How to take advantage of local natural disasters to make your tweets go viral

Twitter is basically like a stream of consciousness thing that I use strictly for my own entertainment, so I never really expect people to find what I babble about online very interesting. But every now and then: I do something, a bunch of other people think it is worth repeating, and my phone makes noises all day. That is what we in the internet biz call “going viral.” Yesterday was one of those times.

That morning I woke up, looked out the window and noticed that Baltimore had received a light amount of snow overnight. “Oh well,” I thought, “the roads won’t be that bad, only a few inches.” So I brushed the snow off my truck (like, after I showered and stuff, I don’t live in my truck I swear) and started out for my short 10 mile commute up 83 north.

Holy jeez, I was wrong.

As soon as I got off the exit I saw the mayhem before me – cars were at a dead stop on 83 south and it looked like a demolition derby on 83 north. My truck and everybody around me suddenly had vehicles that handled as gracefully as bumper cars. Luckily, I was able to slowly slide my way to the office without getting into any serious trouble.

When I settled down in my cube, the first thing I thought to do was get on twitter and give the world a piece of my mind. So I did:

Then I went about my work for a while and checked back with twitter about an hour later… Baltimore twitter was still going bonkers about all the chaos on the roads. There were updates, images and wild allegations coming from every news personality and Baltimore citizen on my feed. So I decided to chime in with a stupid joke to lighten everyone up:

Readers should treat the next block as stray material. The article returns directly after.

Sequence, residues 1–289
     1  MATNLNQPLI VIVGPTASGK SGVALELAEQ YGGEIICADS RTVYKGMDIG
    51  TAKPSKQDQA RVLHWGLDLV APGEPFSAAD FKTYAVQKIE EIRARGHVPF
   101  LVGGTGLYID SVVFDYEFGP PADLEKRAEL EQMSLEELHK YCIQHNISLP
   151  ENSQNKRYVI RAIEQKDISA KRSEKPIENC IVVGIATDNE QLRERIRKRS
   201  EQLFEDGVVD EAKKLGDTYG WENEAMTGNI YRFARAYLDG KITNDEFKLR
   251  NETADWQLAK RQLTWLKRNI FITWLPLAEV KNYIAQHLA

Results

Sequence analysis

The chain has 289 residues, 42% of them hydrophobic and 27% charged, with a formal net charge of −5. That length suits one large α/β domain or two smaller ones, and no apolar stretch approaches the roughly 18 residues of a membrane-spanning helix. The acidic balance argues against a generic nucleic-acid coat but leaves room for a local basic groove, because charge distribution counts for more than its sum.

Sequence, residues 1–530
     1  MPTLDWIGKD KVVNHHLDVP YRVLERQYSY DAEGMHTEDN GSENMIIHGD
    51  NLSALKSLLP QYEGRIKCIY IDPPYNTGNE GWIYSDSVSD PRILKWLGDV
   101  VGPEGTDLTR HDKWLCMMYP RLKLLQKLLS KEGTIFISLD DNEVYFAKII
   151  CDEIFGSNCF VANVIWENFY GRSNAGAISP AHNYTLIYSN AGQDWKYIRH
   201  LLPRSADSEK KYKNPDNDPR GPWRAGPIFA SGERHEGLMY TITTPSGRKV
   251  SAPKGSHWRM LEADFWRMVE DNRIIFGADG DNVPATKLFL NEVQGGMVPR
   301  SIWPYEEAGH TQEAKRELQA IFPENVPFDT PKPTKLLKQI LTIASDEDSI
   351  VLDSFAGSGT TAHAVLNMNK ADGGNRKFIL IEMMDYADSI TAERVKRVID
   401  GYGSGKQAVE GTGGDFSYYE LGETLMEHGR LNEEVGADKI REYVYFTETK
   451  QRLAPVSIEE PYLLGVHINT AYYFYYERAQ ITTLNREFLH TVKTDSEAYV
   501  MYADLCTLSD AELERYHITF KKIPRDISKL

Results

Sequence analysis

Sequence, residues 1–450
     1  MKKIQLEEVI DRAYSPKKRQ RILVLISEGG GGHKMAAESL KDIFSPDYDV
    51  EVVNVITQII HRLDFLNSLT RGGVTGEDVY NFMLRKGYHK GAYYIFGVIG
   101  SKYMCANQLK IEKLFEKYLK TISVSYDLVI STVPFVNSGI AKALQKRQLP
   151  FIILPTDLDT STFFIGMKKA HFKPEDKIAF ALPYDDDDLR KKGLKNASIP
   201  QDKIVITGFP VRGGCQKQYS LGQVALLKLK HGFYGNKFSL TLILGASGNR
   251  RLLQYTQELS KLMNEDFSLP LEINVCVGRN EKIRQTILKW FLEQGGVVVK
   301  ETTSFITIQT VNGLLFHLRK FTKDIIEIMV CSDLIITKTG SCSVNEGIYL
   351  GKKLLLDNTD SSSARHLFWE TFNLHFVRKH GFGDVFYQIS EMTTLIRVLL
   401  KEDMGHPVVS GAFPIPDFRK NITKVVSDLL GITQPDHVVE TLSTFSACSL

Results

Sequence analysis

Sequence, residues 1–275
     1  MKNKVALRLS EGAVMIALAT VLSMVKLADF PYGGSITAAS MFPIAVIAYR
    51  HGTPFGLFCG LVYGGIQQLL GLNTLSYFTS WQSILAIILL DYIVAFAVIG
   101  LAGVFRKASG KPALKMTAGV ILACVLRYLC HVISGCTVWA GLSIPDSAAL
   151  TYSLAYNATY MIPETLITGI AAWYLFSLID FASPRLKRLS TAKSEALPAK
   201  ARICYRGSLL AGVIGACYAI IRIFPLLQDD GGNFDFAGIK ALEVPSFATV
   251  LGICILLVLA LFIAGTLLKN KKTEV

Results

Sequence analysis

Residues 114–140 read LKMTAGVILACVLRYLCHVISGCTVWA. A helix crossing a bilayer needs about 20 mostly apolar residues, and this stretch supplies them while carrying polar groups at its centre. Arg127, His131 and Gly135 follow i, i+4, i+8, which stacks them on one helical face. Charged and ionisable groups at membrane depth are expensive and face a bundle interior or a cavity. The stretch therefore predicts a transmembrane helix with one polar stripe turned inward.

About 30 seconds after I posted that tweet, Justin Fenton (famous for his ‘The Wire’ before and after photo series) retweeted it out to his 24 thousand followers, and the race was off. A few more people immediately retweeted, and then their friends fav’d, and then more retweets… you get the point. It lasted all day. I was still getting interactions at 10pm.

The thing is, I didn’t really think that the tweet was all that interesting. All I did was google image search “the battle of hoth,” found a picture, made a comment, and threw it up there – hardly any effort at all. Later in the day I came to a realization though, a journalist friend of mine told me that the two things that everybody loves to complain about the most are the weather and traffic. Yesterday morning, Baltimore had the worst weather and the worst traffic happen at the exact same time. It was like the perfect storm for complaining! In this particular instance, the entire population of the Baltimore-Metro area was having a real bad time. Then I made a stupid silly tweet, it relieved about 130 people of stress for a few seconds, and I got a lot of internet points.

So you see kids… it isn’t about the actual effort you put into trying to go viral (or achieve any goal for that matter), but simply being in the right place at the right time.


1 thought on “How to take advantage of local natural disasters to make your tweets go viral

  1. Welcome DrRockt0pus (sounds like the title of a low budget SyFy movie starring a cast member from an early 90’s sitcom). I went viral once, but nothing antibiotics and a $20 copay couldn’t cure

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